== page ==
CCR9 overexpression promotes T-ALL progression by enhancing cholesterol biosynthesis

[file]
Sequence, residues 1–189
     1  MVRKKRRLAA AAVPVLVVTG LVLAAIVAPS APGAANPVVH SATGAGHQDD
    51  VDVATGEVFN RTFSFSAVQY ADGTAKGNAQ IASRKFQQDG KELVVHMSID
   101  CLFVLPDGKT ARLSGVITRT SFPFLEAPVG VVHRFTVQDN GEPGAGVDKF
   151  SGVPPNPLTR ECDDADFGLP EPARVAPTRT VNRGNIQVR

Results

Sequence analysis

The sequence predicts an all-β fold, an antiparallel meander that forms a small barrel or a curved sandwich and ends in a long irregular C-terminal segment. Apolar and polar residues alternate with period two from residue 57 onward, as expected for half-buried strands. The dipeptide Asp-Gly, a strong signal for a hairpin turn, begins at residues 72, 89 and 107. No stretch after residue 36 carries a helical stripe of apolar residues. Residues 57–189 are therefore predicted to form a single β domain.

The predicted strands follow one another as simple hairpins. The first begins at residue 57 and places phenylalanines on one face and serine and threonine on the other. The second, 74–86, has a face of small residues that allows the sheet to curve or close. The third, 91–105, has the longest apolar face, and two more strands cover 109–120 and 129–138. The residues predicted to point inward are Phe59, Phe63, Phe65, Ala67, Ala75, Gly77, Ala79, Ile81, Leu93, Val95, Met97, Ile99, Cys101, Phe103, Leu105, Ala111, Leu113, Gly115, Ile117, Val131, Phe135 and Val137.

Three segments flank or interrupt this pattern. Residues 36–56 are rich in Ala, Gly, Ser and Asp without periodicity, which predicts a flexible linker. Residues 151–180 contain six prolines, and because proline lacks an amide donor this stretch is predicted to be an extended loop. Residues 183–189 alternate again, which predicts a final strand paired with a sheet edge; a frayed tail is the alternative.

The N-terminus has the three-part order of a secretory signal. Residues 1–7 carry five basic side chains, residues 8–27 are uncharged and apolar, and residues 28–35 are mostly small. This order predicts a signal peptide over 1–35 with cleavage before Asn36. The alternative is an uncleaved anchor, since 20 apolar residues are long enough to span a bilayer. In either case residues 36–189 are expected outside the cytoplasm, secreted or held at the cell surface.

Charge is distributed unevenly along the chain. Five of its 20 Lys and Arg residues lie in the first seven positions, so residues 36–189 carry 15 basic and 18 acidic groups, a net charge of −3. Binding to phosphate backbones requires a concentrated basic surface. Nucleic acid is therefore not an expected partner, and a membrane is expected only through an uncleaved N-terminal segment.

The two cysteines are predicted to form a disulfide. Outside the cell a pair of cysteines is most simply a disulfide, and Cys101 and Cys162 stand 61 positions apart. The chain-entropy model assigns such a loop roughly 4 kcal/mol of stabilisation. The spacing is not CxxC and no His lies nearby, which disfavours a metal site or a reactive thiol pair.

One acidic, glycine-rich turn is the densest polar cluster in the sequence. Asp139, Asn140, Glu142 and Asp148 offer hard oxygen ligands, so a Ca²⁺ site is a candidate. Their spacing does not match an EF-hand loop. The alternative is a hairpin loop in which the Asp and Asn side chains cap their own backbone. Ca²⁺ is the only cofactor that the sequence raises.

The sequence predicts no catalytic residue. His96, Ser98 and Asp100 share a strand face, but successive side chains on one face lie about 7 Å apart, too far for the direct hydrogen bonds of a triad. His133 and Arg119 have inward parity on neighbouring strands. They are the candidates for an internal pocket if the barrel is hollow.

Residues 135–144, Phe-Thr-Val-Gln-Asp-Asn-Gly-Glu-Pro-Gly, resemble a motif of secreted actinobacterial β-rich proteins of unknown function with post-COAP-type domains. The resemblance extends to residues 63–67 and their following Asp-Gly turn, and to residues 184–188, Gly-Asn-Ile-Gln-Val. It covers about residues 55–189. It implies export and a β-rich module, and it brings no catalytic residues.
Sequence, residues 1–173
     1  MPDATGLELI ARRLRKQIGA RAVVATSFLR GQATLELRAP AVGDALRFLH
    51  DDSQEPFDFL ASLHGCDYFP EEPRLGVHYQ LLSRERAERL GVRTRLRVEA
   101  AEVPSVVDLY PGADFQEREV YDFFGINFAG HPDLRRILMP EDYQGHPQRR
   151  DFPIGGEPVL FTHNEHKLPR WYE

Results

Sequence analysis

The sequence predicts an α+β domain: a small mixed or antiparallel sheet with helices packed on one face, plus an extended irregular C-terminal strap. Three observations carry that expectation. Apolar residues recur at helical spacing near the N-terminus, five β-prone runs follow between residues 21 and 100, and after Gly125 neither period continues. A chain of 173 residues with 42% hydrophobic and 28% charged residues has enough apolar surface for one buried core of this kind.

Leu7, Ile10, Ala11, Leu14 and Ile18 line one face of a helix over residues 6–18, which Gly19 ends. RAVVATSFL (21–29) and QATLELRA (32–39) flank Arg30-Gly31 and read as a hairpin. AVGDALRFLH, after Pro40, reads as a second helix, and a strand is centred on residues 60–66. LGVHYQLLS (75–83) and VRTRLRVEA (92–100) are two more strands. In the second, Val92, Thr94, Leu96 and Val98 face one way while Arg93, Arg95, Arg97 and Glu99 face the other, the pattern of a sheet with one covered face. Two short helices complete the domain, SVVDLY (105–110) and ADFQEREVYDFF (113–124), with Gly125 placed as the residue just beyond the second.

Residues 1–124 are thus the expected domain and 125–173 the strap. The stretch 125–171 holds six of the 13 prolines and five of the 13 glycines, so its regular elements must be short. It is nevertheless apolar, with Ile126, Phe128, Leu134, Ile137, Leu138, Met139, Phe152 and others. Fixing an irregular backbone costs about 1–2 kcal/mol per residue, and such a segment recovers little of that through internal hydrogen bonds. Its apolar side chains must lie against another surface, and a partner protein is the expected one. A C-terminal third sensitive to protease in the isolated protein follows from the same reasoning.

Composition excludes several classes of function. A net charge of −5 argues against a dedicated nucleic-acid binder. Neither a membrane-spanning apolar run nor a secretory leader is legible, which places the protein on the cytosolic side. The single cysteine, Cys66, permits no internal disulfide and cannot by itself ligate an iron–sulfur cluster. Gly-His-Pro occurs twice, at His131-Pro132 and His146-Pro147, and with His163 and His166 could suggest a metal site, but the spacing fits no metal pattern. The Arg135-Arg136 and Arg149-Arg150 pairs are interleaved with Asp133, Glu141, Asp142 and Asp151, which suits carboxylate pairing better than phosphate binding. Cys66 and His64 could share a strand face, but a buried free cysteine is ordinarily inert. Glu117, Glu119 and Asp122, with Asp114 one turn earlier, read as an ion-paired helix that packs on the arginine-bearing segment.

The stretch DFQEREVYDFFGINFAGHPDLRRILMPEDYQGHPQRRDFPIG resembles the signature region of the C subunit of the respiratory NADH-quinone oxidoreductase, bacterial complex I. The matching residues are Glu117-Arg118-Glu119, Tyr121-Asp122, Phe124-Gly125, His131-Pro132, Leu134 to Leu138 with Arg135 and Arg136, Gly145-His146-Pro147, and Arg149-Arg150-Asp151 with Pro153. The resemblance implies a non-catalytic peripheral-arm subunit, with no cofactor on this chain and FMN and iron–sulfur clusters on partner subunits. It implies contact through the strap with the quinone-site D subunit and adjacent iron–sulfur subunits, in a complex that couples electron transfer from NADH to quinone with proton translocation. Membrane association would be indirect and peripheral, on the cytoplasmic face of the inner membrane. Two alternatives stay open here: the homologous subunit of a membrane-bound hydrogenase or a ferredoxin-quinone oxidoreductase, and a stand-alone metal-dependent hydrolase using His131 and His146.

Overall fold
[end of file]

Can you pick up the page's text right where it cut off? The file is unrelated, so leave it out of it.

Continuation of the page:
Introduction: T-cell acute lymphoblastic leukemia (T-ALL) is an aggressive hematological malignancy of the lymphoid progenitor cells, contributing to ∼ 20% of the total ALL cases, with a higher prevalence in adults than children. Despite the important role of human T-ALL cell lines in understanding the pathobiology of the disease, a detailed comparison of the tumorigenic potentials of two commonly used T-ALL cell lines, MOLT4 and JURKAT cells, is still lacking. Methodology: In the present study, NOD- Prkdc scid IL2rgd ull (NTG) mice were intravenously injected with MOLT4, JURKAT cells, and PBS as a control. The leukemiac cell homing/infiltration into the bone marrow, blood, liver and spleen was investigated for bioluminescence imaging, flow cytometry, and immunohistochemistry staining. Gene expression profiling of the two cell lines was performed via RNA-seq to identify the differentially expressed genes (DEGs). CCR9 identified as a DEG, was further screened for its role in invasion and metastasis in both cell lines in vitro . Moreover, a JURKAT cell line with overexpressed CCR9 (Jurkat-OeCCR9) was investigated for T-ALL formation in the NTG mice as compared to the GFP control. Jurkat-OeCCR9 cells were then subjected to transcriptome analysis to identify the genes and pathways associated with the upregulation of CCR9 leading to enhanced tumirogenesis. The DEGs of the CCR9-associated upregulation were validated both at mRNA and protein levels. Simvastatin was used to assess the effect of cholesterol biosynthesis inhibition on the aggressiveness of T-ALL cells. Results: Comparison of the leukemogenic potentials of the two T-ALL cell lines showed the relatively higher leukemogenic potential of MOLT4 cells, characterized by their enhanced tissue infiltration in NOD- PrkdcscidIL2rgdull (NTG) mice. Transcriptmoe analysis of the two cell lines revealed numerous DEGs, including CCR9, enriched in vital signaling pathways associated with growth and proliferation. Notably, the upregulation of CCR9 also promoted the tissue infiltration of JURKAT cells in vitro and in NTG mice. Transcriptome analysis revealed that CCR9 overexpression facilitated cholesterol production by upregulating the expression of the transcriptional factor SREBF2, and the downstream genes: MSMO1, MVD, HMGCS1, and HMGCR, which was then corroborated at the protein levels. Notably, simvastatin treatment reduced the migration of the CCR9-overexpressing JURKAT cells, suggesting the importance of cholesterol in T-ALL progression. Conclusions: This study highlights the distinct tumorigenic potentials of two T-ALL cell lines and reveals CCR9-regulated enhanced cholesterol biosynthesis in T-ALL.